"Institutions," and I use the word loosely are buying bitcoin for accounts because their clients are asking for about it. These "institutional investors" will buy anything their clients want. They are marketing machines.

Musk didn't buy Bitcoin because of his belief in it. It is because he is smart enough to realize the unknowledgeable who buy Bitcoin also are the same buyers who participate in all of his other equity raises.

The existence of Bitcoin allows for free capital flows around the world. It makes tax avoidance for the wealthy easier. It makes drug money easier to move. It makes it easier to move money out of poor countries.

China has an economic plan. It is not an accident that China has had enormous per capita income growth over the last 30 years. The center of that economic plan is to maintain a dramatically undervalued currency for as long as possible. This is what made Japan. China has designed a tax system to encourage a huge savings rate. That savings rate is funneled through large Chinese financial institutions which carry out their lending activities under the guidance of China's Ministry of Finance.

The first order of business for that lending direction is to offset the positive trade flows with overseas capital flows and/or lending. This is done to maintain a low appreciation rate for the Yuan. China cannot afford capital flows that cannot be controlled. At some point China will use the full force of the State to do something about this. You don't want to be on the other side of this.

This market is unstable to begin with. It will only take one global institutional investor to realize they have to much committed to U.S. equities to start this thing moving in the other direction. Since most investors are using a mental or real momentum model it could unravel very quickly.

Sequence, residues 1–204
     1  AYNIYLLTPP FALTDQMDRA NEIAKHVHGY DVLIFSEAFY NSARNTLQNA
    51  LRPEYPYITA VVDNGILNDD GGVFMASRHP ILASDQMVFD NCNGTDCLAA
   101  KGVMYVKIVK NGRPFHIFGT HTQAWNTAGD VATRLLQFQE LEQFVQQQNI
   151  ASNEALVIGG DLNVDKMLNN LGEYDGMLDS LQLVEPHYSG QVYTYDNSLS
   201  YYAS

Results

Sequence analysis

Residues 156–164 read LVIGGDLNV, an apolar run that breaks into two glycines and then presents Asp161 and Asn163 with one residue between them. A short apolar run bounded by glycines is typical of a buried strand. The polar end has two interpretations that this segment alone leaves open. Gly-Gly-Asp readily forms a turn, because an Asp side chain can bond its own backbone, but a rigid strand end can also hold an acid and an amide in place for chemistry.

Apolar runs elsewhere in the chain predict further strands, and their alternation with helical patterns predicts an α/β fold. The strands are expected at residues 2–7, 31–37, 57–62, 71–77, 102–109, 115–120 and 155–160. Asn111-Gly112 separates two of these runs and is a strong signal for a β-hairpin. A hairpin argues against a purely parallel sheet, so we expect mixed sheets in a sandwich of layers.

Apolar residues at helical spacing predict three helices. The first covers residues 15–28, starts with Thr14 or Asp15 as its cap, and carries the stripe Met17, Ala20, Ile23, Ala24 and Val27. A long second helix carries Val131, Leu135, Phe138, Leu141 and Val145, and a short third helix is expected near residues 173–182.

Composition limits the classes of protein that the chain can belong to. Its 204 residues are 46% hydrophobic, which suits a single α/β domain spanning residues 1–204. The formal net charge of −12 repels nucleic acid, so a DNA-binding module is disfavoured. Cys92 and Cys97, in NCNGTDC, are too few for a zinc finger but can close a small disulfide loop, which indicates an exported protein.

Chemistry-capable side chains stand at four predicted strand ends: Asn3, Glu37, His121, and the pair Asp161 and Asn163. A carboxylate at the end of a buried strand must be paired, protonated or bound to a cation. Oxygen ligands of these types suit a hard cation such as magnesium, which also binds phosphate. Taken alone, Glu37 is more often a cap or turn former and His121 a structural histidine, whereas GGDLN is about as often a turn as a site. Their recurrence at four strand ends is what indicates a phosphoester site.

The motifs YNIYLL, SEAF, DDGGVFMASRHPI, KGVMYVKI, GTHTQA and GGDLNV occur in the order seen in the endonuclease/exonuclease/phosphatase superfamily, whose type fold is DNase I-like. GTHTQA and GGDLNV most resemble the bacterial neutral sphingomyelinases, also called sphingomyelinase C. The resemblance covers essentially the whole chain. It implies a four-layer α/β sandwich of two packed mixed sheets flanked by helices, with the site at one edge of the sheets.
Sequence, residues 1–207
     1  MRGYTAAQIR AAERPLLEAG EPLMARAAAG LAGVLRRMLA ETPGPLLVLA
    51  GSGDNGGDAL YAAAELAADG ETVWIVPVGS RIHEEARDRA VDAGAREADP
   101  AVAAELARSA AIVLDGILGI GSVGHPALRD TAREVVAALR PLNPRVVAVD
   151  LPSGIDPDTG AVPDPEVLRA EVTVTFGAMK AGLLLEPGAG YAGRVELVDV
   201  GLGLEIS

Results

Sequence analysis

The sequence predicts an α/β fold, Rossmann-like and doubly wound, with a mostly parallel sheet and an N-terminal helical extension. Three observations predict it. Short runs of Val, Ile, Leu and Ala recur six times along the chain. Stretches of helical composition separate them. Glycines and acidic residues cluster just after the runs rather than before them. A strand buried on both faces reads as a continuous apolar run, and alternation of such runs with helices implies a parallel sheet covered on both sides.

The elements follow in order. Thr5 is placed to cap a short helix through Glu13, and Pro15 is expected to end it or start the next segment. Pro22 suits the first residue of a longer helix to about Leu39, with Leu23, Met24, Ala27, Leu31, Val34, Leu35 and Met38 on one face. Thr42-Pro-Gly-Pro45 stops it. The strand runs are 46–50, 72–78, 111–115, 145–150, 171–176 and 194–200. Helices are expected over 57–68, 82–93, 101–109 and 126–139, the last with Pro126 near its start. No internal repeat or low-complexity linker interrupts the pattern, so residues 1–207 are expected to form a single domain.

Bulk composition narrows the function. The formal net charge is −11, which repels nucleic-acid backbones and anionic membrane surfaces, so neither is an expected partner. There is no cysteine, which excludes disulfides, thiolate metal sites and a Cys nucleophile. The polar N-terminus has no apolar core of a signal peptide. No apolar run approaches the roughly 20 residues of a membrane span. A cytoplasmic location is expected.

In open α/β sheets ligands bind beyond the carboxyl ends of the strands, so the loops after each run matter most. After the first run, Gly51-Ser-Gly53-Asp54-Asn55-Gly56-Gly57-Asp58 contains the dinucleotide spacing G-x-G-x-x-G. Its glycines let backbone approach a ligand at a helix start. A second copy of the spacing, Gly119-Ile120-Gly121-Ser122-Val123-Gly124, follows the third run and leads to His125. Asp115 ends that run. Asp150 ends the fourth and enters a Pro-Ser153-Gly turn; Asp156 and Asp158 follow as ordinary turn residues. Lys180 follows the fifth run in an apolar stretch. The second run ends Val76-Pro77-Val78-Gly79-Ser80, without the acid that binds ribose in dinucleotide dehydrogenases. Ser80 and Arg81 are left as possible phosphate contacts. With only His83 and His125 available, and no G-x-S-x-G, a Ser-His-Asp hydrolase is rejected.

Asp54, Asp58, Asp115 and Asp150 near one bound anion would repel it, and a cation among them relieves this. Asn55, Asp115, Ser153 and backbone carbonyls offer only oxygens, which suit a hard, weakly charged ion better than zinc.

S&P 4019, Nasdaq 13480, GBTC 50.87, ARKK 120.85, SPAK 26.92, IPO 63.46
NoahKaufmanMD profile picture
@Pompano Frog My god you’re out of touch.
TimBandito profile picture
@Pompano Frog
"Musk didn't buy Bitcoin because of his belief in it. It is because he is smart enough to realize the unknowledgeable who buy Bitcoin also are the same buyers who participate in all of his other equity raises."

Did Musk tell you this?
@Pompano Frog

I wouldn't talk for the richest man on the planet if I were you. I woukd think that none of know what he is thinking.

Crypto is here to stay and defi most definitely. Those that broke the system cannot fix it. And they might damage the value of btc by heavy regulation but they will never destroy it. It is transnational.

The only thing that could would be a 51% attack or quantum computing, for which workarounds will be found in due course out of necessity..

The world is changing...
Kagami427 profile picture
Certainly. Many long awaited key governmental and banking decisions have been made just in the past few days. I'm sure many have heard of or seen the Citibank projection for over $300,000 (318K?) by the end of '21. I don't know that it will go quite that fast but I do think another double by the end of the year is possible for sure. We've seen a lot of positive things or catalysts for price appreciation happen all at once.

Federal banks can now hold Bitcoin and other crypto assets/tokens (I believe its both, but tax can get complicated...) on behalf of the bank's customers legally as of just a few days ago now. There is sufficient demand from investors to get involved so the banks have listened to the customers demands or requests as Government has since given the okay ( the okay to collect taxes :-] ) to do so and its certainly a decision that's evolved over time through various important avenues. Of late, it hasn't been hard to see the real positive impact that blockchain technology and the cryptocurrencies or tokens that represent that technology (in many cases,) have on the world. The new technology certainly has the potential to make just about everything (almost,) better in any and/or every way you or your employed engineer can personally think up. Applications are endless. We are already starting to see the asset class have real impact on the world even in these very early days, IMO.

Agreed! Nice article!